Crime movie's high hopes at the Screen Actors Guild Awards

Frances McDormand is nominated for Best Lead Actress for her role in Three Billboards Outside Ebbing, Missouri.
Frances McDormand is nominated for Best Lead Actress for her role in Three Billboards Outside Ebbing, Missouri.PHOTO: 20TH CENTURY FOX

LOS ANGELES • Can crime movie Three Billboards Outside Ebbing, Missouri make a giant "killing" at the Screen Actors Guild (SAG) Awards (this morning, Singapore time)?

It is gunning for honours with four nods in three categories - Best Ensemble Cast, Best Lead Actress (Frances McDormand) and Best Supporting Actor (Woody Harrelson and Sam Rockwell).

While far less flashy than the recent Golden Globes, the awards are seen as a clearer indicator of Oscars glory. Members represent about 1,200 of the roughly 6,000 voters linked to the Academy of Motion Picture Arts and Sciences.

Three Billboards, starring McDormand as a mother seeking to avenge the rape and murder of her daughter, has been a top Oscars contender since taking the influential audience prize at the Toronto International Film Festival in September.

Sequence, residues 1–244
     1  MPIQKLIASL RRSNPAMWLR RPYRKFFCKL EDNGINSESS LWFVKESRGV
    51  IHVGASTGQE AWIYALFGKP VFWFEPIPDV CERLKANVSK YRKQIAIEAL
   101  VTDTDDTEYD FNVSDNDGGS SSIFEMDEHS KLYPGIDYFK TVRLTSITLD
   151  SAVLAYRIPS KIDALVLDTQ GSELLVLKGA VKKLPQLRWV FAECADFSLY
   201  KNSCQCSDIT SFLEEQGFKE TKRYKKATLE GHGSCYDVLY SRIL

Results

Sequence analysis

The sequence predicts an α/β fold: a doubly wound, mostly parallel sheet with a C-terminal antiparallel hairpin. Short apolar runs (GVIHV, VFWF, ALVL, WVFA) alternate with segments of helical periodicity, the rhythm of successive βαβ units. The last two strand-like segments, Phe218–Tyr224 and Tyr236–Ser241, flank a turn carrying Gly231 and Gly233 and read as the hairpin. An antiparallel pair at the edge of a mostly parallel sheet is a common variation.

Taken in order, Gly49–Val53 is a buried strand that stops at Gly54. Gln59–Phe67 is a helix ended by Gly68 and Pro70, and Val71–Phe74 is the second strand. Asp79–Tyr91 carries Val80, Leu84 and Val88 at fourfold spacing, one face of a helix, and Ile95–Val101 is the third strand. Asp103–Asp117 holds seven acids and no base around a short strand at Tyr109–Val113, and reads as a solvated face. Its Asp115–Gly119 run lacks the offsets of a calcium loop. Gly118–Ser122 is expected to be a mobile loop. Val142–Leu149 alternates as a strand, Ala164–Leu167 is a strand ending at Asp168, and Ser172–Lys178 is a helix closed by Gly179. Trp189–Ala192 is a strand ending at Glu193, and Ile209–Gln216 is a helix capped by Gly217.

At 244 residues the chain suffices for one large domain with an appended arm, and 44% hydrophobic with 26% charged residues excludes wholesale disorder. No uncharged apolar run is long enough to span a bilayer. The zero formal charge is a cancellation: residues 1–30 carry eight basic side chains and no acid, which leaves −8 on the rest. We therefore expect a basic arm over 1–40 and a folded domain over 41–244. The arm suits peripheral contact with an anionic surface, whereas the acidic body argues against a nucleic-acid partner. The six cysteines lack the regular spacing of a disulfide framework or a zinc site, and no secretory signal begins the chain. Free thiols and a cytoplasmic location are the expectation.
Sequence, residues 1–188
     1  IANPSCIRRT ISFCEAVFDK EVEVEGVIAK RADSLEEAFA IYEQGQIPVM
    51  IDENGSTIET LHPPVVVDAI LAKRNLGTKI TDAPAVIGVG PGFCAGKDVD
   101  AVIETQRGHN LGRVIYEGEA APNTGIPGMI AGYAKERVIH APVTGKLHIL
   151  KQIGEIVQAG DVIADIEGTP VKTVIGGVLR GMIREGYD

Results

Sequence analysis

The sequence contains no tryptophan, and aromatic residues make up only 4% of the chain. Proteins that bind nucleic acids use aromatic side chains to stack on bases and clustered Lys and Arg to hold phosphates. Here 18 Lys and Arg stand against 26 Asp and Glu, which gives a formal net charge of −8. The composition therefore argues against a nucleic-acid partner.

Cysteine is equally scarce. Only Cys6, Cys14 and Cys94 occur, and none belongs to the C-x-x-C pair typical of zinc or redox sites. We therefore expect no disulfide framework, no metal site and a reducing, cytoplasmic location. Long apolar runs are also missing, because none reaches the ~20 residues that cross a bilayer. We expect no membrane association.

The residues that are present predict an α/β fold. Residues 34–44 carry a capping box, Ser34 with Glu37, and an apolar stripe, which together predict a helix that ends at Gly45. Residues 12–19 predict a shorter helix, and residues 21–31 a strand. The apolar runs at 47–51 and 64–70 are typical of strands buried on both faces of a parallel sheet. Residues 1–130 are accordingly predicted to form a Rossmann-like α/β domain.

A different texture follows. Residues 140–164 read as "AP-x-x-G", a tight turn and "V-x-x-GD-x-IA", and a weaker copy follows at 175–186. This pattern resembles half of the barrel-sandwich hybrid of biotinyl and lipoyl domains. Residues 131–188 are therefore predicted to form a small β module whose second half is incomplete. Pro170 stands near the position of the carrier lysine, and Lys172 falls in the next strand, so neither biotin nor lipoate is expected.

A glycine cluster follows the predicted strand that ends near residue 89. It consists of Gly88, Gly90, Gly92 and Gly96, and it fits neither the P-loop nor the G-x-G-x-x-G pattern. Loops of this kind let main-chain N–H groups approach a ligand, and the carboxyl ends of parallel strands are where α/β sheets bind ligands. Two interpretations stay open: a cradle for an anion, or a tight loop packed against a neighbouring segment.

Joining the movie in the running for Best Cast - the top SAG award - are romantic comedy The Big Sick, racial satire Get Out, offbeat dramedy Lady Bird and civil rights drama Mudbound.

For television, three series are tied at the top with four nominations each: HBO drama Big Little Lies and - including the stunt team nominations - Netflix science-fiction thriller Stranger Things and wrestling comedy Glow.

In the Best Actor category for film, Timothee Chalamet (Call Me By Your Name) faces competition from James Franco (The Disaster Artist), Daniel Kaluuya (Get Out), Gary Oldman (Darkest Hour) and Denzel Washington (Roman J. Israel, Esq.).

 

For Best Actress, McDormand faces off against Judi Dench (Victoria & Abdul), Sally Hawkins (The Shape Of Water), Margot Robbie (I, Tonya) and Saoirse Ronan (Lady Bird).

Meanwhile, honours were doled out last Saturday at the Producers Guild Awards, with Guillermo del Toro's fantasy romance The Shape Of Water taking home the best movie prize.

It had more buoyancy than other Academy Awards contenders, including Call Me By Your Name, Dunkirk, Get Out, I, Tonya and Lady Bird.

The 1960s-set fairy tale about a mute government laboratory janitor falling in love with a merman-like creature won Best Director for del Toro at the Golden Globes.

AGENCE FRANCE-PRESSE

A version of this article appeared in the print edition of The Straits Times on January 22, 2018, with the headline 'Crime movie's high hopes at the Screen Actors Guild Awards'. Print Edition | Subscribe